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Moving Forward from the Trenches - October 2021

By: Deanne Figueras, CMP CMM | Oct 26, 2021

I fondly remember when all we worried about were travel delays, dietary restrictions, and weather back-ups. It has been nearly two years since the WORLD took a time-out, and live events were canceled. Our industry was kicked down; asked to take whatever came our way. As meeting and hospitality professionals, we took it, pivoted, and are now emerging from the dust like a Phoenix (I hope), although a little burnt.


As a meeting planner, I’ve been campaigning over the past year to move back to live events for two reasons: 1) People thrive on in-person connections and contact, 2) Economics. The trickle-down effect of live meetings impacts the cost of groceries, gas, and even the environment. Did you know that in 2016 meeting organizers spent $48 billion annually on food and beverage (EIC: Oxford Economics 2016); in 2020 and 2021, we did not. When food is no longer needed, farmers stop producing crops, which creates dirt fields that impact the environment. And with less demand, growers were forced to increase the cost to consumers to pay their workers. What we do is important and impacts our economy by creating 1.1 million jobs and $135.9 billion in spending, just on the live meetings side of things (Meetings Mean Business: Mar 2019)


Like many, I was afraid to leave the safety of virtual events. Not only do you risk being sued if someone gets gravely ill at a live event, but it may impact your reputation. However, after reflecting on all the events I’ve been part of, I realized that getting sick or injured at an event is not new; it happened pre-COVID. So, I picked myself up and moved forward with the help of all my meeting professional friends. I love this community!! I’m happy to report, I’ve held two small live events with no incidents. Currently, I’m planning our flagship event, which attracts 500 executives. 


Below are some of the planning tactics I’ve used; I hope you will find them helpful:


Legal:    

  • Consult your attorney. Ensure you have the proper Covid clauses in your registration, speaker contracts, hotel contracts, etc.

  • Mitigate your risk. Joshua Grimes, Esq of Grimes Law Offices, does an excellent job on this webinar explaining duty of care and Covid “Shield Laws.”

  • Be transparent. Develop a FAQ page on your website and over-communicate your safety protocols. Failing to address the concerns of your attendees can create a higher anxiety level causing people to cancel. I recommend reading Successful Meetings article “How to Calm Anxieties About Returning to In-Person Events.”


Build it: 

  • To hybrid or not. Due to staffing, we opted to go all live and offer post-event recordings. This allowed us to focus on protecting the in-person.

  • Virtual speaker. Because of travel restrictions, we had to be flexible and allow some speakers to join us via Zoom for our smaller meeting, and we are planning for this for the larger one too. The key was to have a live facilitator interact with the audience and the speaker. Plus, we have an excellent AV crew. I have missed them so much!!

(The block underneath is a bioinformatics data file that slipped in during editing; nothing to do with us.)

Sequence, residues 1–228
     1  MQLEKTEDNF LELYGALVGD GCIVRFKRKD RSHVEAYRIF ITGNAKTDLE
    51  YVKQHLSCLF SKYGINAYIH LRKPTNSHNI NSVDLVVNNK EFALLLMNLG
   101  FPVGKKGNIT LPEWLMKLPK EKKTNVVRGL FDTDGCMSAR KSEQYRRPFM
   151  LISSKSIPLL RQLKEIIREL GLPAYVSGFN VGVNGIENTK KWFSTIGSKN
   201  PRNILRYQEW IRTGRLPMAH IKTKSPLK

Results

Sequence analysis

• Be flexible. Plan on attendee attrition due to corporate travel restrictions, illness, and uneasiness. 

  • Meals. To place attendees’ minds at ease, we set hand sanitizer wipes at coffee and beverage stations, allowed attendees to take to-go boxes, and left every other seat open. It was fun to observe that even those who asked for a to-go box and were worried ended up joining their friends and hanging out. This warmed my heart. 

  • Partnerships. Your hotel, venue, and CVB are your best friends — they have just as much at stake as you do. More than ever, they are a wealth of knowledge and help in planning events. Trust them! I quickly found out that a buffet would be the best option for us due to staffing shortages at one venue, while at another venue, a plated lunch worked best. I learned I truly do not know unless I ask and partner with my hotel or venue. We both want a successful event.


Safety:

  • Track Covid cases. As part of my due diligence, I needed to know the case rate in our event city. Michael Dominguez, president & CEO of ALHI, offers a great weekly update on our industry. He provides a complete, current, and granular resource that uses data from Johns Hopkins CSSE and can dive down to the county you are going to. Check out: Covidestim – COVID-19 nowcasting.

  • Disinfect. Since we are entrusted with our attendees, we opted to take extra measures by adding lots of disinfectant wipes, hand sanitizer, and spraying down high-touch surfaces (with permission from the venue) with Microban 24-hour disinfectant.

  • Health and Safety Checks. We have opted to follow the CDC, county, city, and venue guidelines related to face masks, vaccination, and temperature checks. We asked attendees if they were vaccinated for our smaller meetings or would have a negative covid test before arrival. For our larger event, we have partnered with CLEAR + Event Farm to conduct health checks. This will allow us to provide our attendees with peace of mind that those who have entered the area have answered the health questions and have been cleared to enter. 

  • Knowledge. Know what the CDC’s Guidance is for Covid-19


There is so much more to consider as you decide to move forward. In addition to doing your homework, I do recommend reading the recent article from Member Suite: How to Prevent Your Events from Getting Disrupted by Delta, containing some practical advice, and bookmarking Global Business Travel’s Travel Vitals Covid-19 Information & Advisory’s website to be able to search across different components of a trip for travel information advisories that may pop up. 
 

Author

2021_deanne figueras (1)
Deanne Figueras, CMP CMM
Vice President of Communications

 
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